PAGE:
The debate about if it is possible to defeat sceptical doubts have been debated in Philosophy for long time since. The reason claims that we cannot know for sure about all the things that surround us. This essay will discuss Is it possible to defeat all sceptical doubts relating to our knowledge of the external world?
At a first view everything I do appears to be real. I define real all the things I do while I am awake. Reality is therefore defined as everything we can have an idea of. For example If I tell than an object have 4 legs we imagine or tend to imagine a wide range of objects or animals with 4 legs; but if I say chair then you picture any kind of 4 leg element with this description. In reality the same happens; reality is showed as a picture that I can sense, smell, touch, and hear but never ever be sure that is real. The reason is we don’t know. And the more we dig in the more certainty we can assure this acknowledge.
“ for anything anyone believes there are equals powerful reasons for believe the opposite” So live without opinions” -Pyrrho
From the seventeen and eighteen century, the concept of a state of nature became popular and controversial between political thinkers such as Thomas Hobbes and John Locke because in most cases it raised freedom and equality as a natural right to all man. Even this, there is the debate around those thinkers and the ways their conceptions changed the overcoming political theories. This essay will Compare and contrast Thomas Hobbes and John Locke as thinkers about a pre-political state of nature
Thomas Hobbes political philosophy, which comes to full fruitition in Leviathan it simply change the way of political reasoning. Because he rejected as inadequate the fundamental assumption of ancient classical theorizing that in the polis or republic man found his natural fulfillment, and that civil freedom was to be defined as the privilege of the citizen who participated in rule. ‘With extraordinary boldness he claimed that in his writings he was not merely reforming or correcting the political philosophy of the past, but founding political philosophy itself. In this scenario, it can be argued that Leviathan, like Plato’s Republic, is a work of inauguration. It inaugurates the modern theory of the state.’  Hobbes’s Leviathan is commonly described as one of the greatest masterpieces of political theory in English language and the first of the great social contract treatises. In this book according to Hobbes the state can only be conceived as overcoming something anterior to it; something that empirically can only be glimpsed here and there, but which it is the task of the political theorist to draw out and present in its unadulterated form. In addition, the lineaments of the Hobbesian state of nature are well known. It is a ‘condition which is called war; and such a war, as is of every man, against every man. The state of nature here becomes a generalized picture of a world in which men are guided solely by their own ideas of what is “good” and ‘evil” and refuse to make any acknowledgement of a “common good” or “common evil”.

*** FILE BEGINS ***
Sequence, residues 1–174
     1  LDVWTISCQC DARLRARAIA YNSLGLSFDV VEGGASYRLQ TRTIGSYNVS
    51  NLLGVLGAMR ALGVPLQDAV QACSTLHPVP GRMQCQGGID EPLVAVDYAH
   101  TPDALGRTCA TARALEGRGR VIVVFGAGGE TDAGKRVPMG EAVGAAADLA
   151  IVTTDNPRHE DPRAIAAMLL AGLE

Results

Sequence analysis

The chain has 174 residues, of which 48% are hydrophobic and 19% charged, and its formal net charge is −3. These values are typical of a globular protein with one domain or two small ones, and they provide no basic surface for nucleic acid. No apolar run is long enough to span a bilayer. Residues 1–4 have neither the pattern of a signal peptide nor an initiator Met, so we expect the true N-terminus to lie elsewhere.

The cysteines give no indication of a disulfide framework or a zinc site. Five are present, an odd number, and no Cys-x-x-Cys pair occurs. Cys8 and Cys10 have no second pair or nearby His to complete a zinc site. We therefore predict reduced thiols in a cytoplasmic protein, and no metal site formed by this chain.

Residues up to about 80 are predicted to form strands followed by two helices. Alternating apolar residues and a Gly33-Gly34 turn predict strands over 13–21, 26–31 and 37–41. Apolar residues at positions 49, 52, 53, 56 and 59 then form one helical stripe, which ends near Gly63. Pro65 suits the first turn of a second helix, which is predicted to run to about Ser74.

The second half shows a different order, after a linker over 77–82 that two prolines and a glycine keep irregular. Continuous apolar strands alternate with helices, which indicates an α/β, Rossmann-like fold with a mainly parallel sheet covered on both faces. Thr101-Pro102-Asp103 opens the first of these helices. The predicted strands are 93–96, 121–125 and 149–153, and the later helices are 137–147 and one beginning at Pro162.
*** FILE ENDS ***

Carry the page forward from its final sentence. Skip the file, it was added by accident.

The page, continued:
In International Relations the concept of anarchy has been broadly discussed for several reasons; some scholars may argue that anarchism can be beneficial among the states and even more beneficial in IR dealings between countries. In opposition other scholars believe that anarchism is a serious obstacle to co-operation. This essay will discuss Is anarchy a serious obstacle to co-operation?
Yes; it is. The reason that makes me get in this position is the following: from the definition anarchy is defined as: “a system operating in the absence of any central government. Does not imply chaos, but in Realist theory the absence of political authority.” Furthermore; in order to answer this question correctly, concepts involving Realism, Critical theory and Constructivism arise because they define the path in IR about anarchy most recently in the last years.